I lost it and shouted at my kids – but what I did next mattered most 1 month ago

I lost it and shouted at my kids – but what I did next mattered most

"I'm sorry."

It was last Friday evening, and due to numerous things, I was running late with our usual bath/change-of-bedsheets/reading/then bedtime routine.

The kids we watching The Parent Trap on Disney+ for the millionth time, I had just burned the pizza I had in the oven, there were fights over the remote control and I just tripped over an elaborate car track my little boy had just constructed all over every inch of floor space in our not-very-big kitchen. Then my phone rang and as I was trying to have a five-minute conversation with my best friend, who lives thousands of miles away and who I hadn't spoken to properly in weeks, I heard a crash and upon inspection realised that the kids had somehow, in a battle over the remote control, managed to topple a flower pot and break it – spilling soil and cracked pottery all over the floor which I had just hoovered an hour before.

And so I snapped. And shouted. I turned off the TV, flung the remote down on the table while declaring that there would be no more TV for the rest of the weekend – rest of the month, even, as I angry-cleaned the mess.

My little boy cried and apologised for the flower pot, and even went as far as go looking for his own little wallet, and stood there counting out copper coins with his sister, the two of them promising me that they would buy me a new pot and a flower to put in it.

And then I started crying too – because what the heck was I doing, shouting at them over what had clearly been an accident, and here they were, feeling so upset and wanting to fix things – counting out their money to buy me a new flower pot. And in that very moment, I couldn't care less about the stupid flower pot, suddenly all I wanted to do was to make sure they knew how much I love them and how perfectly OK it is to make a mistake – we all do it.

We sat down in a heap on the hallway floor, with me hugging them and explaining that the flower pot can be replaced – it wasn't even that important. And that I was so sorry I had shouted at them – I shouldn't have. I told them the truth. That I was stressed because it was getting late and because I had burned the pizza and I was tired. But that I was sorry, so sorry, I had shouted and could they please forgive me.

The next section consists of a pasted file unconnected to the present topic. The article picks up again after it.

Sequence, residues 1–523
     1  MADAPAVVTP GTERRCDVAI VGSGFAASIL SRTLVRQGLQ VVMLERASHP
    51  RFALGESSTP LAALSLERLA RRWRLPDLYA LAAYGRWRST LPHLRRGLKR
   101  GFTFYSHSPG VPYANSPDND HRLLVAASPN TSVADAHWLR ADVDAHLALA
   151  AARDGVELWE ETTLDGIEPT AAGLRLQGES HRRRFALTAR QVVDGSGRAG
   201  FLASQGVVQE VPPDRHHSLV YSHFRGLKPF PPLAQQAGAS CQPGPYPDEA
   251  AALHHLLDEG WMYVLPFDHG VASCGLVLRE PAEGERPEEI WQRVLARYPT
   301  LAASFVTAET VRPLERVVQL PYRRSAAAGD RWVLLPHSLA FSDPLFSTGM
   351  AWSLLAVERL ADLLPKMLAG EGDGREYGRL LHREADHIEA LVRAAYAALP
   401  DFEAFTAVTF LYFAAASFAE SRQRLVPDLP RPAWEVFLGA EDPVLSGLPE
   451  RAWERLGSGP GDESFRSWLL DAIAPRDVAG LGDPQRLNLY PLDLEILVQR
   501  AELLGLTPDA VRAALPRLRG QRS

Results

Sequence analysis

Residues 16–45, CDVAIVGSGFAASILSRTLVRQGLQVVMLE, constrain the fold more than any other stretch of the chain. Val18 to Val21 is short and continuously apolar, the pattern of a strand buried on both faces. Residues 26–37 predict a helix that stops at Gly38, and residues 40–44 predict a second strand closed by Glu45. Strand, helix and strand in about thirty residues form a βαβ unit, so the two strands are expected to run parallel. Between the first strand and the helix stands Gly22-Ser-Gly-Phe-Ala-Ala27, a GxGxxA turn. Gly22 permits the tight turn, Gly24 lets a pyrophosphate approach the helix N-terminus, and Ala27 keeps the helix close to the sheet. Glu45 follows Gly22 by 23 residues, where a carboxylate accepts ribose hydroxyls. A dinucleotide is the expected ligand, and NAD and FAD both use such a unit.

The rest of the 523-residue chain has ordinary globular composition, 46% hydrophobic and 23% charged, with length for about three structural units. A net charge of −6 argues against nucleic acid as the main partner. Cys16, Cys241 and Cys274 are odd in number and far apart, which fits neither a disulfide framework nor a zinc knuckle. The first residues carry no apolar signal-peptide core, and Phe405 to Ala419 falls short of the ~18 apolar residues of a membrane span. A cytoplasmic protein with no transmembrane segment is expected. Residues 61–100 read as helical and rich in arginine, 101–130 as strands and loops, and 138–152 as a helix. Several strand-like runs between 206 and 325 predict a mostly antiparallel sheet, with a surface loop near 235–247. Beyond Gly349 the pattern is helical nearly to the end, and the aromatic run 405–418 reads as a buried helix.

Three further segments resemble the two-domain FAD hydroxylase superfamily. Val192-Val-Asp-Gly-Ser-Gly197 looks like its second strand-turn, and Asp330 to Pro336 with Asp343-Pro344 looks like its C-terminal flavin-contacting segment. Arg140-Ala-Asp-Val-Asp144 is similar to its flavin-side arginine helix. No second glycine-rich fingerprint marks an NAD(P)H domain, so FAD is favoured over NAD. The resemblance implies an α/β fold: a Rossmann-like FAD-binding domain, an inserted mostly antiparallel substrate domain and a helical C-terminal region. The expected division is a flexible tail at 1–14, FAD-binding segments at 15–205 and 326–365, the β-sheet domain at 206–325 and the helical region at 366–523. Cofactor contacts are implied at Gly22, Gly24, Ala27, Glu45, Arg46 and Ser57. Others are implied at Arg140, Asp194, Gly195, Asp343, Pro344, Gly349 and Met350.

They nodded, and we hugged some more, and then the rest of the evening was lovely and calm. And as I tucked them into bed a little later I still felt sad over having shouted at them – but also like maybe, hopefully, I had managed to show them that even if you do loose your cool and say things you don't mean, you can fix things and apologise.

A while back, I read the really amazing The Book You Wish Your Parents Had Read (And Your Children Will Be Glad That You Did) by Philippa Perry. In it, Perry tackles many topics around how to build and maintain a deep and loving relationship with your children, and I really loved the part about repairing after rupture – in other words, how you handle it when you have shouted or said things out of anger. Which we all do – we are only human, after all.

"The relationship with your child can still be treated as what it is – the most precious thing," explains Perry.  "It might be quite a robust relationship, but little tears still need repairing."

She goes on to explain that we all make mistakes and allowing our children to see this doesn't make them love us any less or think less of us, rather the opposite.

"Children need to see us being authentic."

In other words, apologising when you have made a mistake is showing them you are not perfect, and it's OK not to be, none of us are. But that we all can correct our mistakes and promise to do better the next time.